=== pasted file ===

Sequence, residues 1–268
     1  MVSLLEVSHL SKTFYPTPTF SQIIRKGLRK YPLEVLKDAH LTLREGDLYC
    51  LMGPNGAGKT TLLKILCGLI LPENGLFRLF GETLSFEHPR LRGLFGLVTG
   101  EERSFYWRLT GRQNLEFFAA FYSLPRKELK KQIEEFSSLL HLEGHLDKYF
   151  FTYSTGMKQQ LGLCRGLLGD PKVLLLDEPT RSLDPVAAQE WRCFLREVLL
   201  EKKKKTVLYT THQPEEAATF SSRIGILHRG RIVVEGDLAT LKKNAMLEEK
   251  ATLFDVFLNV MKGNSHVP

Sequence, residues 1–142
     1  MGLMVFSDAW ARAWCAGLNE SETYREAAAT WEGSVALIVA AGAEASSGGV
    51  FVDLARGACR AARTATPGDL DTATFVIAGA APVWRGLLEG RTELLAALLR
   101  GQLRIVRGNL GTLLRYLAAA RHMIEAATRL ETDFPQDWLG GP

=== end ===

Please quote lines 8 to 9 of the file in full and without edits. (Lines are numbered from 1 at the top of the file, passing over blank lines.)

Sequence, residues 1–142
     1  MGLMVFSDAW ARAWCAGLNE SETYREAAAT WEGSVALIVA AGAEASSGGV